Stan Lee’s Lucky Man (2016)
Stan Lee turns his attention to the U.K. creating a character who has abilities that are far less ‘super’ than we might expect from the creator of many of Earth’s mightiest heroes!
Harry Clayton (James Nesbitt, ‘The Hobbit’) is a London police detective with a serious gambling problem, one that has lost him his family and a put him in a lot of debt to shady characters. An encounter with a beautiful woman ends up in him getting lucky in more ways than one, with a bracelet that puts the odds strongly in his favour yet may hold dire consequences for others.
From very early into the episode I had the feeling it wanted to be ‘Luther’, then that feeling got stronger when the firs actor from Luther appeared, then the second, then by the time the third alumni appeared it seemed a bit odd, and while it would be a step too far to say it’s deliberate casting, it did feel like a strange coincidence. The opening credits feature the ‘shinier’ parts of London that look impressive and even glamorous, then at times the episode goes to the darker parts of the city yet never really as grimy or as dark as ‘Luther’ (sorry to make the comparison but they did first). This contrast isn’t used for dramatic effect, I think it’s more that London has become a popular destination, especially for films and TV, so showing the impressive architecture and tourist attractions looks good as an opener, but trying to add ‘grit’ needs the other parts of the city.
Burn Gorman stars as a coroner, I doubt that will be the full scope of his role, he’s very recognisable internationally and would be wasted if just there to appear for a few minutes each episode. It’s currently nothing more than a hunch based on the actor’s status but I expect his role will increase or change dramatically. As in ‘Forever’ (which was sadly axed too early) I knew he would be important when his character was introduced, and sure enough he was the main villain. Also making an appearance in the pilot episode is Stan Lee who has his obligatory cameo, this time as himself doing a signing at a bookshop.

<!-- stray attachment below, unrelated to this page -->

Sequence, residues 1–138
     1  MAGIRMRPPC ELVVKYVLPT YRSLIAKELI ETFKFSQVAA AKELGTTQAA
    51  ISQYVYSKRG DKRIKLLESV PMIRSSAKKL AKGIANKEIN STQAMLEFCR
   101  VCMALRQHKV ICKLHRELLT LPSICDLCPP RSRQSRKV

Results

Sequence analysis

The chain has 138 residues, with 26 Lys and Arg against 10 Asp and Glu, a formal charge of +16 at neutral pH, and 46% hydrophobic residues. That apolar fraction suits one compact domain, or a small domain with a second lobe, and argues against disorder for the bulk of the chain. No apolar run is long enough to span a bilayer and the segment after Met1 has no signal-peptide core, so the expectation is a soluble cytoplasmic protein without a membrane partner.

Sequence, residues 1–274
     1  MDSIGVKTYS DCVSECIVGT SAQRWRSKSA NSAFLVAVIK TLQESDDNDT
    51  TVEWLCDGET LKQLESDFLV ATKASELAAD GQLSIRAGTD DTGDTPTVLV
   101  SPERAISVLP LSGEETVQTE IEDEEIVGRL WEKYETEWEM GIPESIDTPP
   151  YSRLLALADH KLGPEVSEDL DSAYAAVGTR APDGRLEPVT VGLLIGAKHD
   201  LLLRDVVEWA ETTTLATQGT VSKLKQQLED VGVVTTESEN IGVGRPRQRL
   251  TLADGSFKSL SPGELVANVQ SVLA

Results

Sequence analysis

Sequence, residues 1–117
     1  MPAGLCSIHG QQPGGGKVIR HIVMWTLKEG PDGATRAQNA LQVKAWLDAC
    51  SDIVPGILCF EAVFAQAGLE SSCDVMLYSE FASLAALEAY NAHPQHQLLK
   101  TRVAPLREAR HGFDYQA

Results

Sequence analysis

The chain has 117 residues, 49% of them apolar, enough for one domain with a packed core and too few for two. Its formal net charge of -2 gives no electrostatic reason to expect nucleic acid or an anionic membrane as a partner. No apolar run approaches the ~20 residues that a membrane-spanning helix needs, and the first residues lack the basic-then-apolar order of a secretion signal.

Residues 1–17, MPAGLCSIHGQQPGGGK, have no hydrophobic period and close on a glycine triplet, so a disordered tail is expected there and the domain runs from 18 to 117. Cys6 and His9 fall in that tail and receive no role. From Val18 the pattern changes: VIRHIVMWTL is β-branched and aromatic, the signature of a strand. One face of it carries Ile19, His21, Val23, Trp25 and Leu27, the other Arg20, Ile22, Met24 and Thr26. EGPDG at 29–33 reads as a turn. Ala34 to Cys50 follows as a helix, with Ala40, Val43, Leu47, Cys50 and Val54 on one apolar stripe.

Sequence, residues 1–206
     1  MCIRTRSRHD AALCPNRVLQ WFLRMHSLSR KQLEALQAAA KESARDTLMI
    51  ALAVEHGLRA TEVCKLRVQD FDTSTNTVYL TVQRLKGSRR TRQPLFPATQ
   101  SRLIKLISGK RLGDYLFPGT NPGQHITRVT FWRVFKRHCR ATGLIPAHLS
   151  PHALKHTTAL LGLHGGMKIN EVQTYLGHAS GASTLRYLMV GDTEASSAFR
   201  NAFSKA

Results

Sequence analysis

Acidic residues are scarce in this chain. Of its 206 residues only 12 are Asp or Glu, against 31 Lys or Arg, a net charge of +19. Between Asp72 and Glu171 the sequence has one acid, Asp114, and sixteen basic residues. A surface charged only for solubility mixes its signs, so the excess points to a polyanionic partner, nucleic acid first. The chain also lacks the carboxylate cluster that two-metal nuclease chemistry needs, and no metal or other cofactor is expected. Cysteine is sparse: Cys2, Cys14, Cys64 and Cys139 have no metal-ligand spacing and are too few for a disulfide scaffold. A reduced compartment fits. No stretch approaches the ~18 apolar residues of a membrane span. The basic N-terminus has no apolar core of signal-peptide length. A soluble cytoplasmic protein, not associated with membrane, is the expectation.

One thing I find strange is why the posters have the protagonist holding a gun in them. Most police in the U.K. don’t carry guns and in the pilot episode I don’t remember seeing him use a gun at all. Maybe that is ubiquitous for showing it has a crime theme, making the genre abundantly clear for American audiences. I expect it is planned for U.S. television airing too, Stan Lee’s name is too marketable for it not to be. Though it is aired on television in the U.K. after the watershed when broadcasters can include swearing, I didn’t notice any in the first two episodes, which reinforces my hunch that it’s going to get an American airing too, especially as NBCUniversal are involved in the distribution.
I’m not certain who this is aimed at. It’s not ‘super’ enough to strongly appeal to the comics and superhero crowd without the need to have Stan Lee’s name inextricably featured. On the other hand, if you approach it as a procedural with a twist, it feels a little light when you are inevitably comparing it to ‘Luther’ or other British crime series’ that have recently had huge international success and acclaim. I’m not sure of a solid future for this, though maybe it will find its feet and a loyal audience, there’s the root of an interesting idea there, but it feels insignificant. Some twists and amplification of this ‘power’ might help distinguish this show from the better successes it feels like it’s hanging off the coat-tails of, and more like the creative genius whose name it so prominently features!